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Villette by Charlotte Bronte Read-a-Long Part 1

Unputdownables is hosting a Villette by Charlotte Bronte read-a-long for the next couple of months.  And this is the first week of discussion.

For this week, we had to read the first five chapters of the novel.

The narrator begins by talking of her godmother and her family in Bretton and how she enjoyed being at their house.  We soon learn in the first chapter that her godmother has agreed to take charge of a young girl, Paulina, who has lost her mother and whose father has been told to travel to calm his ailments and recover from grief.

Miss Lucy Snowe is our narrator and she loves to observe her family members and Paulina as they interact with one another and when they are alone.  She has a particular interest in Paulina (Polly) given that the young girl wants to accomplish so much without help, but is not tall enough to complete certain tasks on her own at least not without difficulty.  What’s intriguing is the relationship that blossoms between Mrs. Bretton’s son, Graham, and Paulina.  Without her father, she seems to be seeking another man to look up to and take care of, but Graham is a young man in school with his own priorities and friends, though he does enjoy spending time teasing Paulina.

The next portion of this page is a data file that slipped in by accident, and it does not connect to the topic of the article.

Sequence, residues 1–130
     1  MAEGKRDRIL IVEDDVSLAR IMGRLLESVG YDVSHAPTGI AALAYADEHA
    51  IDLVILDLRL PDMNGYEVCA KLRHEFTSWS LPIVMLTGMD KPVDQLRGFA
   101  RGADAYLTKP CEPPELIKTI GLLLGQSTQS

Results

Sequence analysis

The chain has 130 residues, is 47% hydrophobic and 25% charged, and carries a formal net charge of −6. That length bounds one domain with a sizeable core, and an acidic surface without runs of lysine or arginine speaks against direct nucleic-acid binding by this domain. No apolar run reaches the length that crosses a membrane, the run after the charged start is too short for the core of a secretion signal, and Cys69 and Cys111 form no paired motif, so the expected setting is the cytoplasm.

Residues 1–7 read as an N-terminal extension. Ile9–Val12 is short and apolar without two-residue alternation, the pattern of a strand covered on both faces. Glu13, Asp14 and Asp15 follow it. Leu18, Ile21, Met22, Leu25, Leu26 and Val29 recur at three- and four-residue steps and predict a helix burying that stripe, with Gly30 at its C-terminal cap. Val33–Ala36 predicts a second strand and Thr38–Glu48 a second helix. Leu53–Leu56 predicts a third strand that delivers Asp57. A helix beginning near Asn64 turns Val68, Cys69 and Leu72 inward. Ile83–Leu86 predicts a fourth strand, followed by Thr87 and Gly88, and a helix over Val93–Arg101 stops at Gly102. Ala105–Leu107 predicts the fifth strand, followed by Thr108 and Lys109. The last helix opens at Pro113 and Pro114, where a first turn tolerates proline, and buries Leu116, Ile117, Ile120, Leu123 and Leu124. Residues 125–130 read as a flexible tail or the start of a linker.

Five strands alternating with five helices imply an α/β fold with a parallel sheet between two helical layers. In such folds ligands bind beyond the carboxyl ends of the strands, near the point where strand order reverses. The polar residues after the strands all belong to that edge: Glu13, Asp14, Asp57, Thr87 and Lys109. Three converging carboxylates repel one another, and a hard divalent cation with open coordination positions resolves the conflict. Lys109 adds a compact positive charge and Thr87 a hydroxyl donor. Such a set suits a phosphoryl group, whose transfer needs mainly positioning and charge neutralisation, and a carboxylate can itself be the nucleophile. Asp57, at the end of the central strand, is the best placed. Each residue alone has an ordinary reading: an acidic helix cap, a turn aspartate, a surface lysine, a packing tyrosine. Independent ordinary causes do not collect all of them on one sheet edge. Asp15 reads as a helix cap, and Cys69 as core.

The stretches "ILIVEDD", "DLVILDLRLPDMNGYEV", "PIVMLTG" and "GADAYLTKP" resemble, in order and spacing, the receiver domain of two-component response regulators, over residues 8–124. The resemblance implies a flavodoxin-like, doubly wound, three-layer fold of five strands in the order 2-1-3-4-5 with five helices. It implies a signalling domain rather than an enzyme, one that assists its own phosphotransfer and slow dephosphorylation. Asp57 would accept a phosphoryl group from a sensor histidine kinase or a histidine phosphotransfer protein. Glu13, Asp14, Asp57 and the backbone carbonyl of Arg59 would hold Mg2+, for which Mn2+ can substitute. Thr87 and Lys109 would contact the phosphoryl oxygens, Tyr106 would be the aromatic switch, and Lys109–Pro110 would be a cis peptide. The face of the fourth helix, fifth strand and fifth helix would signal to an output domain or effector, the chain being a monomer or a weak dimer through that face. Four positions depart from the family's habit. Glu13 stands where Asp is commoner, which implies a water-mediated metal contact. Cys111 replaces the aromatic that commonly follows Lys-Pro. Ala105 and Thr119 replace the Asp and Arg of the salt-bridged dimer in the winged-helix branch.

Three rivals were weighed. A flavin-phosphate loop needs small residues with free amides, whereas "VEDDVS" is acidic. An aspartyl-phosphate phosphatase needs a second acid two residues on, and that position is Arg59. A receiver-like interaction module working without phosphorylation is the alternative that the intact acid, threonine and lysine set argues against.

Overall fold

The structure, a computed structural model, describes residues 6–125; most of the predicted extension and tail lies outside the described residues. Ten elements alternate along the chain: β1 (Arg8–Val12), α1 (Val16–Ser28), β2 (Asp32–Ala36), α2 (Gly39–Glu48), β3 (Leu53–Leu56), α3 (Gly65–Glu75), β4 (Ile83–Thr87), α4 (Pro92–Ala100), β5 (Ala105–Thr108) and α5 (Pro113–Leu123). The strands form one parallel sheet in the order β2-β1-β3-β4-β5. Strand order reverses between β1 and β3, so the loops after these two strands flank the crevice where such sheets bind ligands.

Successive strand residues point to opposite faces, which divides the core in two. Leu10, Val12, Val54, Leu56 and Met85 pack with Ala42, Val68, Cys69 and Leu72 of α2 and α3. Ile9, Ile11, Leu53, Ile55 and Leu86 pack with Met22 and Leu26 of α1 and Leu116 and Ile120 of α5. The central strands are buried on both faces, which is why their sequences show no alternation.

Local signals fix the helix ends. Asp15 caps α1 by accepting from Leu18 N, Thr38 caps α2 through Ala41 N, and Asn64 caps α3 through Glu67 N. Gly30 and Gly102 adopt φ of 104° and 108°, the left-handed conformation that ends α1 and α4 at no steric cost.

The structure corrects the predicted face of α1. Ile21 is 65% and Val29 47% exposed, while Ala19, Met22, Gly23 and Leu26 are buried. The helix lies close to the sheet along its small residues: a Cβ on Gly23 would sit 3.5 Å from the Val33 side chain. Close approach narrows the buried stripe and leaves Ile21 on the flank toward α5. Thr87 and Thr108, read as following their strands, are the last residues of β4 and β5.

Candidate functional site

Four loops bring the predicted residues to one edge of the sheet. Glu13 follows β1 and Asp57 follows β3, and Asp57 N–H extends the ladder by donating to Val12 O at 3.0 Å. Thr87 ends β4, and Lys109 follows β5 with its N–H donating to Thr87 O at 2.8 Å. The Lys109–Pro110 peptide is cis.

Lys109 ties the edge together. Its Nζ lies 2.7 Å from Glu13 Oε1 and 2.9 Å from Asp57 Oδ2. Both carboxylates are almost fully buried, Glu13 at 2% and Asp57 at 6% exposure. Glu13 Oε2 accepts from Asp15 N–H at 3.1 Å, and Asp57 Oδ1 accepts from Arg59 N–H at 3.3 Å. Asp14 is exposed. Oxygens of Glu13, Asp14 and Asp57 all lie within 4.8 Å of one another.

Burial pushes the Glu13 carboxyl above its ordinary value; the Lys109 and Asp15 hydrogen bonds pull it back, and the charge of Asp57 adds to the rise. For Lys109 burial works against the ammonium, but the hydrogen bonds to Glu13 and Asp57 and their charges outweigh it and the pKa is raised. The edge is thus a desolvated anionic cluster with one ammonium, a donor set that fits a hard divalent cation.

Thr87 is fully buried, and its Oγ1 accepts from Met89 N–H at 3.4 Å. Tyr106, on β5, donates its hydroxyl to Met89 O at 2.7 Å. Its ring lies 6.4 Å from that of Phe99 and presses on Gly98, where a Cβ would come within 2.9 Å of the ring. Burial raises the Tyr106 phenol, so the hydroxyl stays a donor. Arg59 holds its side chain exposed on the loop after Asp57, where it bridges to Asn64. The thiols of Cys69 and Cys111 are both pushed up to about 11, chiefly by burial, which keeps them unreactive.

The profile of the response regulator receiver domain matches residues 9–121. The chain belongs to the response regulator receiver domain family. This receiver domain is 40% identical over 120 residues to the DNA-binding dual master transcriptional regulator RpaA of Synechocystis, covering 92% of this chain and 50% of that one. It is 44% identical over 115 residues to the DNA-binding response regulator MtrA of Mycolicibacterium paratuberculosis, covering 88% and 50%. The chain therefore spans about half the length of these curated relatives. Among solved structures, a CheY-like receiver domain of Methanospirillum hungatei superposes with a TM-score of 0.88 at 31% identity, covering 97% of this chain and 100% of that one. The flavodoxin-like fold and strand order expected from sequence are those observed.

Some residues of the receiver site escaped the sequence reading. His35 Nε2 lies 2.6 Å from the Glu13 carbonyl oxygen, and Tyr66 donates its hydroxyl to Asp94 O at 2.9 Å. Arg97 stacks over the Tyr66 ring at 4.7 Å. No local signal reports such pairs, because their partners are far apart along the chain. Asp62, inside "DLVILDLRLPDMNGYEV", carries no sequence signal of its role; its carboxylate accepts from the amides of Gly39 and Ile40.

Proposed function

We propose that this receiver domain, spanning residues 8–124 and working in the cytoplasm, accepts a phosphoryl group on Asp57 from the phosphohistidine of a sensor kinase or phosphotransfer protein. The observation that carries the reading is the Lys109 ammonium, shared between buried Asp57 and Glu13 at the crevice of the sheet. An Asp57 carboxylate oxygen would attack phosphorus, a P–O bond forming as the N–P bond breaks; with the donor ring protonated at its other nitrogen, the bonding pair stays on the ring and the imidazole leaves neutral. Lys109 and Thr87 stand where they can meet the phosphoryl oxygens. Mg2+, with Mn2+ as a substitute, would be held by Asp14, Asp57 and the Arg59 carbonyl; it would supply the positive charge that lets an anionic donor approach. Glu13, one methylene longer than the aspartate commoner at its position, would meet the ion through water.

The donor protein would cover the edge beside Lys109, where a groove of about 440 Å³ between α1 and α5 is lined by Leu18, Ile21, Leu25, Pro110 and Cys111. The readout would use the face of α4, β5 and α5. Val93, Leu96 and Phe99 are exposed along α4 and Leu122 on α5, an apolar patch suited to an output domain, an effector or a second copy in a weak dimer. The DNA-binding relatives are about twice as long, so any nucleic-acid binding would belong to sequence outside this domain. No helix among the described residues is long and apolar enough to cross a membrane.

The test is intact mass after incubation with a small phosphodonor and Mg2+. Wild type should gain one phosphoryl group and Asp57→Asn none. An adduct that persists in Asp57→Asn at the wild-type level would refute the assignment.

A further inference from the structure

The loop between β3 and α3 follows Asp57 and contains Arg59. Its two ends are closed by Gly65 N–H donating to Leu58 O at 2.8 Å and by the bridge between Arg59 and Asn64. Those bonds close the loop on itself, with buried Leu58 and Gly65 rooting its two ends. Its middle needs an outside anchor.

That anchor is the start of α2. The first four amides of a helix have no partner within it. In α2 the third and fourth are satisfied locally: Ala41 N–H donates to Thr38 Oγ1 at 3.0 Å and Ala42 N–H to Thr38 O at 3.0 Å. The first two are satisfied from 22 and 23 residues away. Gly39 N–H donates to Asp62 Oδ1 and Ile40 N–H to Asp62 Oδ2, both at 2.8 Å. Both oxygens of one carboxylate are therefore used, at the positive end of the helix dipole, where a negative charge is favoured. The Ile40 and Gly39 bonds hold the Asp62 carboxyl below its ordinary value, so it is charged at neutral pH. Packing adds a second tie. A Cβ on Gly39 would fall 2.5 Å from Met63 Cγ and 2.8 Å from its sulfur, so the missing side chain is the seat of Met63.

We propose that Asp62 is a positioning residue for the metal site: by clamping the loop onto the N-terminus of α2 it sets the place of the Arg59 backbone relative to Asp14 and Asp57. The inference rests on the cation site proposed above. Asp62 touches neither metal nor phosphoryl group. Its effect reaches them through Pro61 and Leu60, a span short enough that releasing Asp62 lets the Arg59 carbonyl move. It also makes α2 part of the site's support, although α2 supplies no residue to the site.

There also are some similarities between Polly and Lucy in how they interact with others, seeming to want more attention, but unsure how to get it without seeming overly needy.  While Polly takes it to the needy extreme, Lucy often seems too aloof.

Alas, things change and Miss Snowe and Paulina must part company with the Brettons and face the next leg of their own journeys.  The narrator finds herself looking for engagement once at home and is offered one position with a neighbor in need of consistent assistance.  Brontë inserts some Gothic elements in the narration — especially the storms and Aurora Borealis — which provide readers with an atmosphere of mystery and suspense.

While it is unclear where the narration is headed and what will happen to Miss Snowe given her current financial circumstances, it is clear that she is a character of determination and intuition.  It will be interesting to see where this leads.

***As an aside, I’ve purposely not read much about this novel or any reviews to keep my experience with it unencumbered.

Stay tuned next Thursday, Feb. 17, 2011, for the next discussion.

  • I feel quite the same, after this little taste, I am eager to know more about Lucy and what will happen to her. I’m also reading this with little to no influence or prior knowledge of the plot, it’s how I prefer to read classics!

  • How interesting your point about the similarities between Polly and Lucy! I actually think Polly is there mostly as a contrast to Lucy, but I see your point. Lucy is shy about asking for attention – maybe she thinks she’s not worthy of it? Maybe there’s an internal battle between getting some attention and the need to be a part of the background and just an observer.